Thursday, November 20, 2008

One More Story That Involves Strippers and My General Classiness

On Friday night, just as I was taping the last of my moving boxes closed, I decided to check my e-mail one last time. When I logged in, I saw that someone had sent me a message on Facebook, so I went off to check it.

The message was from one of my former MSU students. This particular former student was my student in the fall of '03--a member of my first-ever class--and then later in the fall of '05 when I was teaching creative writing.

It's been well documented how much of a soft spot I have for the members of my first class. I loved pretty much all of them--except for that one who wrote journal entries about how much he hated every black person that ever lived--and this particular student ranked high on the list of my favorites.

He was the class clown, a real cut-up, a boy who liked to tell stories about shaking loose a bag of flour on his roommate when he was in the shower. This boy liked to talk. He liked to drink. He liked to talk about drinking. He liked to bat eyes at one of the girls in class--a girl who would go on to become the first student to ever cry in my presence--and I later learned they'd totally made out on one of those crazy weekends in the fall semester. Once, when I ran into him outside a bar with another of the pretty girls from our class, he said, "Hey! We were just talking about you!" and I asked him just what they'd been talking about and he said, "How awesome you are!"

I was charmed by him. I was charmed enough to have drinks with him several times--some planned, some not--long after class was over. In fact, he was with us on the now-legendary night where some dirty townie standing in line behind me at the strip club trash-talked me up and down because I was chatting with the bouncer and she was in a goddamned hurry to get to the DJ booth because there were precious few minutes left before the club closed the entry list for the weekly wet T-shirt contest. She wanted a win, some dollar bills, some sweaty men waggling their eyes and tongues at her. And I was holding her up. And she didn't like my looks. And she wanted me to know that I was ugly, that I had a stupid voice, that I had giant horse teeth.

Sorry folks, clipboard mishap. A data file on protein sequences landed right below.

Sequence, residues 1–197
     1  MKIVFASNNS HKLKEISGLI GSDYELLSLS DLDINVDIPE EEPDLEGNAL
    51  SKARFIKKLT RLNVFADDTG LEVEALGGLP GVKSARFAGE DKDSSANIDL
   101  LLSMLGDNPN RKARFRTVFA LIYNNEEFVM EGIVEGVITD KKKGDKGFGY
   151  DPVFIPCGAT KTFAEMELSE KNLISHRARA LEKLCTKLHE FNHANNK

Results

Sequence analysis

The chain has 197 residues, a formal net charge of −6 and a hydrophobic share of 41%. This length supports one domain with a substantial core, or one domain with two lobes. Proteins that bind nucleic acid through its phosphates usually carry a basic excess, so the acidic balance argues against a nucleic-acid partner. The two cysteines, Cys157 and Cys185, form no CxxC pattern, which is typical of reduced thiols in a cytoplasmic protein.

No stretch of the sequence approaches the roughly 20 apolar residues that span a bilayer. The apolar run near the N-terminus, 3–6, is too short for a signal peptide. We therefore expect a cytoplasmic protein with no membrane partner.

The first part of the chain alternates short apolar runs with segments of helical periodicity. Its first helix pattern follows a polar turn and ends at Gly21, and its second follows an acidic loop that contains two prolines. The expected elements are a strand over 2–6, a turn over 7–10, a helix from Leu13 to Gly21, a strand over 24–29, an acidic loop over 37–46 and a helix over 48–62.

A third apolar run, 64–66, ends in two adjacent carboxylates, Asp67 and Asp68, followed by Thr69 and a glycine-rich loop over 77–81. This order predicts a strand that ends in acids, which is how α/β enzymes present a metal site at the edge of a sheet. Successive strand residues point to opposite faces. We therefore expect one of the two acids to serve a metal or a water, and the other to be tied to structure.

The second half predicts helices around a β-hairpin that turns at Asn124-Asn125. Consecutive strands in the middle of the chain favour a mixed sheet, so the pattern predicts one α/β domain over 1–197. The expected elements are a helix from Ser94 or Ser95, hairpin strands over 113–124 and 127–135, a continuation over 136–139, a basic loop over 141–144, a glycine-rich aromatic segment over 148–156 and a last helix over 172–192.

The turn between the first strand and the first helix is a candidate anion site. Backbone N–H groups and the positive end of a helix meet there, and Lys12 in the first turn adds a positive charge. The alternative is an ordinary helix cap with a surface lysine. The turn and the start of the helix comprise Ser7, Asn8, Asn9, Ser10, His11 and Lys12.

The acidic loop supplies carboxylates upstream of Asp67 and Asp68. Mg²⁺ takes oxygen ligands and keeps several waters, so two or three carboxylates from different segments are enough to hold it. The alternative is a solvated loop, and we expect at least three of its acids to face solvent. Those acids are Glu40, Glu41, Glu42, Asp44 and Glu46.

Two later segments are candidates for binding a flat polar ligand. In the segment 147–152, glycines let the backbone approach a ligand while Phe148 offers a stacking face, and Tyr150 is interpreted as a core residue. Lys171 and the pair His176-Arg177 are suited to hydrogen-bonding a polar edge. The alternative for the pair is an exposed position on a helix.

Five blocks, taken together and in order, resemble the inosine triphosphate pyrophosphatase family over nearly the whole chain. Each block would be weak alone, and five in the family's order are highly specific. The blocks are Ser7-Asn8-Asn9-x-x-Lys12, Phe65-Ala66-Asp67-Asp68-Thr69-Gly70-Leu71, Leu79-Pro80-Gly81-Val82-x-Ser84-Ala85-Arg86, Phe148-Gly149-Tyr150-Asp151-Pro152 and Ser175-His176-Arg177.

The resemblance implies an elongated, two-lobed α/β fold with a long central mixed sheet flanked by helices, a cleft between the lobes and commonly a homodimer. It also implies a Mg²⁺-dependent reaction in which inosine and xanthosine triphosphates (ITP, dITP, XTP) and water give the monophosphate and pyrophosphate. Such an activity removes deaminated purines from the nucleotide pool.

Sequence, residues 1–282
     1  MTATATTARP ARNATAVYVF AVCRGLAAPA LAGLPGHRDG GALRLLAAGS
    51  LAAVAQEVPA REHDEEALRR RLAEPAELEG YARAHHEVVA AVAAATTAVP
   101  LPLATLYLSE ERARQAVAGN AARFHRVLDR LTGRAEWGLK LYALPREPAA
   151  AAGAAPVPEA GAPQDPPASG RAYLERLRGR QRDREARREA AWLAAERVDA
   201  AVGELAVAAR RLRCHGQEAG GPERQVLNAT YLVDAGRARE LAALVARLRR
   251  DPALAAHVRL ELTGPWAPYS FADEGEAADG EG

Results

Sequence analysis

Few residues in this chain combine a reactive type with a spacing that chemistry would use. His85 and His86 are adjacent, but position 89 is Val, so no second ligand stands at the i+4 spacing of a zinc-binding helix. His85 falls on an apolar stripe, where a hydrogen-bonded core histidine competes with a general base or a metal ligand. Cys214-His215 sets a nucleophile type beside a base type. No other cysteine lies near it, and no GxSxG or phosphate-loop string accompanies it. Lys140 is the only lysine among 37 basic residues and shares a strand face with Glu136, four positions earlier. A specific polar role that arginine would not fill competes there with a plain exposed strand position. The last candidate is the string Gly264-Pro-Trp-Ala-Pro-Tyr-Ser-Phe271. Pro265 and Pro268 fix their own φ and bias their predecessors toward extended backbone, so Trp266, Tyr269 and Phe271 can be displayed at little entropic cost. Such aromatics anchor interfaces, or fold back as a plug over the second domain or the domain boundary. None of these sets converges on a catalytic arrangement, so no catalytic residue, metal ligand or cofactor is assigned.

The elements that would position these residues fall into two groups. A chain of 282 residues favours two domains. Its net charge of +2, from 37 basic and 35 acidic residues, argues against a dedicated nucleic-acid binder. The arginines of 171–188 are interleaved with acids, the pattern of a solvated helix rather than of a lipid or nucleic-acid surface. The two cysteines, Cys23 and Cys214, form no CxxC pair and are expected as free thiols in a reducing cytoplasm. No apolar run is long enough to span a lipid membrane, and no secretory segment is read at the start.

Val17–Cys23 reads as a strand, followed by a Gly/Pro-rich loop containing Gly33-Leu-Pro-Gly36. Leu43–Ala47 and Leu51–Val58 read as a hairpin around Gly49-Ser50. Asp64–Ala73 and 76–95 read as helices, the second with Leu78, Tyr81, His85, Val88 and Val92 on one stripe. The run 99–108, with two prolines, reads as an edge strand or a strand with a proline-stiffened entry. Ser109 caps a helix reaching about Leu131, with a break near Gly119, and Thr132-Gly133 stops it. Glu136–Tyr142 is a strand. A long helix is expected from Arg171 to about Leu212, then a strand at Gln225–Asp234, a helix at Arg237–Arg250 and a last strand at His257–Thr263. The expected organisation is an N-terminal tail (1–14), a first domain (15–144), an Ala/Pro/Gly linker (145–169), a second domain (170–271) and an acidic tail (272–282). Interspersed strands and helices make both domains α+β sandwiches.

I came home and wrote about that night. It was not the first time I'd write about strippers on my blog, and it wouldn't be the last. But it would be one of the things that allowed this student to, years later, find me, find my blog, and then let me know he'd found my blog.

He messaged me on Facebook to tell me how funny it all was--he'd Googled "Mankato strippers" because it was rumored that one of his friends was dating a girl at the club, and he just wanted to take a peek, see what she looked like. Well, what he got when he Googled wasn't a picture of his friend's girl. What he got was me. What he got was my blog. And he did a little digging, and he found the things I'd written about his class, things about people he knew, things about the nights he'd run around with us.

When I read this in his message, I thought my head was going to split down the middle and fall off the stem of my neck. I was an odd mixture of amused and horrified. A student finding my blog has always been a nightmare scenario for me--let's face it, it was awful enough when some unkind person anonymously forwarded my blog on to the Wily Republican--and I was certain I didn't want any other surprises.

But, really, what does it hurt now? I let myself feel embarrassed and horrified for a good five minutes, and then I realized that if any former student was going to find my blog, I was glad it was this one--a boy with good humor and fond memories of the girl I used to be when I was a grad student trying to write her way across three years in the Midwest.

And this student? He'd written a message to me that showcased some lovely rhythm and grammar (save for a few missing apostrophes that he and I can discuss later...), and in that message he called me his favorite teacher. He said he'd never forget me. He said I had a pretty smile, no matter what those girls at the strip club said.

In the end, I guess, there are worse things than having a student find your blog by Googling strippers. After all, that note helped me pull myself up off the floor after seventy-five small tragedies slid over me, threatening to bury me mere hours before I had to load a twenty-seven foot van with everything I owned. And that was worth those five minutes of embarrassment where my cheeks burned, where I tried to remember everything I ever wrote, where I tried to recall just how honest I'd been about that first class and how nervous I was when I stood before them on the first day, my hands shaking so much I was sure my students could see the tremors in the syllabus I clutched to my chest.

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